Ah! The excitement, the joy, the thrill of the sheer speed as you whizz around the track and…hold on. Prawn Prime has a note for me here. Let’s see…NOT a motorized vehicle game? Bicycles? Seriously? Man with one testicle?
Oh. Ok. Let me start again.
Ah! The beauty of the French countryside, the wind blowing through your helmet, and the introduction of such nouns as “peloton”. This is the 2013 edition of Le Tour de France, the video game. I guess there’s a lot less speed here than I’d hoped, but I’m nothing if ever the video game optimist. I grab my bagels and baguettes and go see whether the video game version of the Tour is anything like the real Tour.
Bicycles and video games don’t usually go together unless we’re talking stunts, boobs, BMX bikes, or an (un)healthy combination of all three. So it was with a bit of mixed interest I ripped open the packaging and popped Le Tour de France 2013 into my Xbox360. Would it be any of the three factors? A nice mix? Sorry to disappoint, but there are no stunts. No BMX bikes. Just men in tights and the French countryside. (Ed: That will probably be enough for some.) I have to admit that I know a sum total of five things about the Tour de France: 1) it’s a bicycle race, 2) it takes place in France, 3) having a single testicle is key strategy, 4) bicycles are the ones without engines, and 5) I know nothing else about the sport.
So, in the Le Tour de France video game, you’re given a chance to re-enact the famous race. You even get your own bike and team and everything. Even snacks! I’m not too sure about whether they rip off one testicle to make you more streamlined or…hang on, got another note here from Prawn Prime. Not racing anymore? Drugs? Huh. No more ball and gag ball gags? Ah. Gotcha. On with the review, then!
The problem with Le Tour de France 2013 is there isn’t much substance to the game. You get to race around, and take in the sights of France, but there’s no real excitement here beyond the men in tights and the toned calf muscles (which I must admit are lovingly recreated). In point of fact, you’re dumped into the Super Mega Deep End Of The Game II Special Wonder Hyper Championship Edition (Revised) with nary so much as anyone mumbling “tutorial!” A little hand-holding at the beginning would have been nice, instead of working on the assumption that “gamers will know how to play it”. It feels very much as if developers Cyanide Studios weren’t given enough of a budget to get a decent game going, really.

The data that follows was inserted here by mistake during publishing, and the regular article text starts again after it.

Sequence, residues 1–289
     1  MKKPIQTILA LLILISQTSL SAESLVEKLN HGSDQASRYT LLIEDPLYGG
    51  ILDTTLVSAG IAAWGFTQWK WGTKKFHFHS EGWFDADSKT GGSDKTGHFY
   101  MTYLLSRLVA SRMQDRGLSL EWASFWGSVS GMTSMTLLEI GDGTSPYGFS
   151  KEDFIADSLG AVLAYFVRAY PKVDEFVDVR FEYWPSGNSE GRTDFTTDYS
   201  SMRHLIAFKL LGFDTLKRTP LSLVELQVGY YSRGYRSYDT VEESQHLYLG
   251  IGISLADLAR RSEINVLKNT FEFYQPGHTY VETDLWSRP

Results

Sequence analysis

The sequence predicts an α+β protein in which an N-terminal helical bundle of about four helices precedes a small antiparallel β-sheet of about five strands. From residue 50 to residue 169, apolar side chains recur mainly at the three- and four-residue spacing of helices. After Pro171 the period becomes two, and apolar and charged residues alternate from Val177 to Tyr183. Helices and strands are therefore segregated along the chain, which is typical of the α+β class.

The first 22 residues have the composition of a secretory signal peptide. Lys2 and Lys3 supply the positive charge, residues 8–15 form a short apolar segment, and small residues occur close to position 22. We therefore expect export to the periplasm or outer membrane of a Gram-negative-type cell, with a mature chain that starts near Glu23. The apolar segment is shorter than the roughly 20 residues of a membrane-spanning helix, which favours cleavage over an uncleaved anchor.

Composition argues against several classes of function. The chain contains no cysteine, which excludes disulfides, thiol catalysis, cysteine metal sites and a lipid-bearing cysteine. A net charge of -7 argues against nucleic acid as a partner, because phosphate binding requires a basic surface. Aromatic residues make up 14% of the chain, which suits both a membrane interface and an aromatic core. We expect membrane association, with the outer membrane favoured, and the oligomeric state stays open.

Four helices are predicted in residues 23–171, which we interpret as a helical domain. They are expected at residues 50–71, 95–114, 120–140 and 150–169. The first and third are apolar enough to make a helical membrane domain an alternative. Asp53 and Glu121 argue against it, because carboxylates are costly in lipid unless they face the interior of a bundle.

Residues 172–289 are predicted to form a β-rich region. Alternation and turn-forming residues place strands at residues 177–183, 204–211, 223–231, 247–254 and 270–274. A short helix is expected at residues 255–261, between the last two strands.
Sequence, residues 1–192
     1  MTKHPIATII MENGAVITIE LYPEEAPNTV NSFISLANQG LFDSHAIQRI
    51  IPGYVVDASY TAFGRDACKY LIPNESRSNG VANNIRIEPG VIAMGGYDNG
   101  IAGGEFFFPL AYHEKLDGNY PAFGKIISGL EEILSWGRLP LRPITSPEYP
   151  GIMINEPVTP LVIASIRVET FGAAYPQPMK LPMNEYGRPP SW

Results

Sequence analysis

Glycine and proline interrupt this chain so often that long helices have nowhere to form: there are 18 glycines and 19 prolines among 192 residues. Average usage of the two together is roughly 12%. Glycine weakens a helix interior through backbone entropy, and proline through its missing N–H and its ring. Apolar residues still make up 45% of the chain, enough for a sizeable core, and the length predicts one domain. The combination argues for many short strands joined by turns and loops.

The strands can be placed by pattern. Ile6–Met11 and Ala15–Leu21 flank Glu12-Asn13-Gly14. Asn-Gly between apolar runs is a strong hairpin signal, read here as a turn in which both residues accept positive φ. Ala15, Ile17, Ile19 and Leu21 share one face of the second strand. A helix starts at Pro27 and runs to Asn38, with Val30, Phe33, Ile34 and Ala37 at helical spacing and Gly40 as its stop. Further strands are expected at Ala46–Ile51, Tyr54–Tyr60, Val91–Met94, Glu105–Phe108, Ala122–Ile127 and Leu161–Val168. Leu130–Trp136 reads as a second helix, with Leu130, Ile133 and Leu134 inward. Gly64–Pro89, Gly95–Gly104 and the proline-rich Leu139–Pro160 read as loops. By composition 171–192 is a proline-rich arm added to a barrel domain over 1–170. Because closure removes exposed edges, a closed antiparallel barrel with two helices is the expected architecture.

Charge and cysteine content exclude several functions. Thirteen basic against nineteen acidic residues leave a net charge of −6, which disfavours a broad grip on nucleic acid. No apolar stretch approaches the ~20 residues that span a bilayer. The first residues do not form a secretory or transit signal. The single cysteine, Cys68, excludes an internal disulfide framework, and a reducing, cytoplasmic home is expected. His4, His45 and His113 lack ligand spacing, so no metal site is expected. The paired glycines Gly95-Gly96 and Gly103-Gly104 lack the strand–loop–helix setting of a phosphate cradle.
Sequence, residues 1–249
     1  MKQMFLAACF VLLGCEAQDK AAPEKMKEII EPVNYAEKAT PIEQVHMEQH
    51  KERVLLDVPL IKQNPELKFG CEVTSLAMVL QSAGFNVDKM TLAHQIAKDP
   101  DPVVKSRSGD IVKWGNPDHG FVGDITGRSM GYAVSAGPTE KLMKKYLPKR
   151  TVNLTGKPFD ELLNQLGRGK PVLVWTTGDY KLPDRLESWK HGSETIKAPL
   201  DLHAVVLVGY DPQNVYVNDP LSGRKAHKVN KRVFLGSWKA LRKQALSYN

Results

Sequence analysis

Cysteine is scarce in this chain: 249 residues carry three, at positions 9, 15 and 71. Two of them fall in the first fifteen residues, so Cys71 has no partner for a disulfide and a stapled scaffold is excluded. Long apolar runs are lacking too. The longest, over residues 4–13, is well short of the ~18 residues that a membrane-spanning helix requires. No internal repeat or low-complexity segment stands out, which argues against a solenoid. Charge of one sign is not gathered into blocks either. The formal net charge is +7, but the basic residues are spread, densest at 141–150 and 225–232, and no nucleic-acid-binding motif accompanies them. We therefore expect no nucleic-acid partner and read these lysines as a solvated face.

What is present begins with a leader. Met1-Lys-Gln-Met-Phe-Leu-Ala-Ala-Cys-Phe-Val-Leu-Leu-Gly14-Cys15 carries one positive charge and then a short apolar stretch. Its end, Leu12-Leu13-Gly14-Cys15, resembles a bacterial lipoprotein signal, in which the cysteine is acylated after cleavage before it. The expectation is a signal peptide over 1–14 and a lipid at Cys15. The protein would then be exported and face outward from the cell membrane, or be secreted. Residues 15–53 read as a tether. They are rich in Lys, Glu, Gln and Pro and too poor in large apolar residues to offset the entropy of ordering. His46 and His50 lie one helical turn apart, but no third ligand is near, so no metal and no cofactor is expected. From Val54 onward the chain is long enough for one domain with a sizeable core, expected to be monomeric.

On the other hand, there are a number of really nifty features that makes racing a little easier. One of them lets you follow the lead rider, allowing you to relax and loosen your grip on the controller a little. Another lets you fast-forward the race, but even this takes a fair bit time, given the sport involved. What’s fairly fun is that if you’re losing, you can easily trade places with a team member who’s better than you, and sit in front for a while. Until you fudge up a sharp turn and watch as the rest of the peloton overtakes you. As expected, you also have the ability to change gears (although it took me a short read on Wikipedia to figure which one was for which situation), switch up with members of your team, and eat snacks. On the point of snacks, the various ones all have different effects on your racing, but you’re limited in the number of snacks you can take, so a careful choice at the outset can mean the difference to the race.
The graphics engine looks a little dated, and far from what we’ve come to expect from consoles ten years into their lives, the scenery, although probably accurate, is missing a certain injection of something to make you say “oh wow!” Inevitably, you find yourself underwhelmed, and even given the sedate pace of a bicycle race, you’re seldom given a chance to gawk anyhow. Furthermore, by the time you’ve clocked around 3 minutes of play, you’ve probably heard every bit of voicework available in the game, and this doesn’t bode well for much later. I feel that in games like this, the voices are just there because it’s the impression that all games have voice tracks.
Truth be told, this one is probably really strictly for the fans, and if you are, I’d wait until it hits the bargain bins before you give it a whirl. It’s not terrible, mind, but if you don’t know a peloton from Pelmanism from a pelargonium, I doubt you’ll have a good time with this game. The lack of tutorial-type information puts this sort of thing out of reach of even casual players, and you’d have to be fairly hardcore into the Tour de France to give this game a go. Which is a shame, really, because if it had been pulled off as more than just a cash-in on the race, it could have brought more fans to bike racing.
Final score: 5 yellow jersey prawns out of 10
Developer: Cyanide Studio
Publisher: Focus Home Interactive
Distributor: Apex Interactive
Platforms: Xbox360 (reviewed), PS3, PC
Age Rating: 3+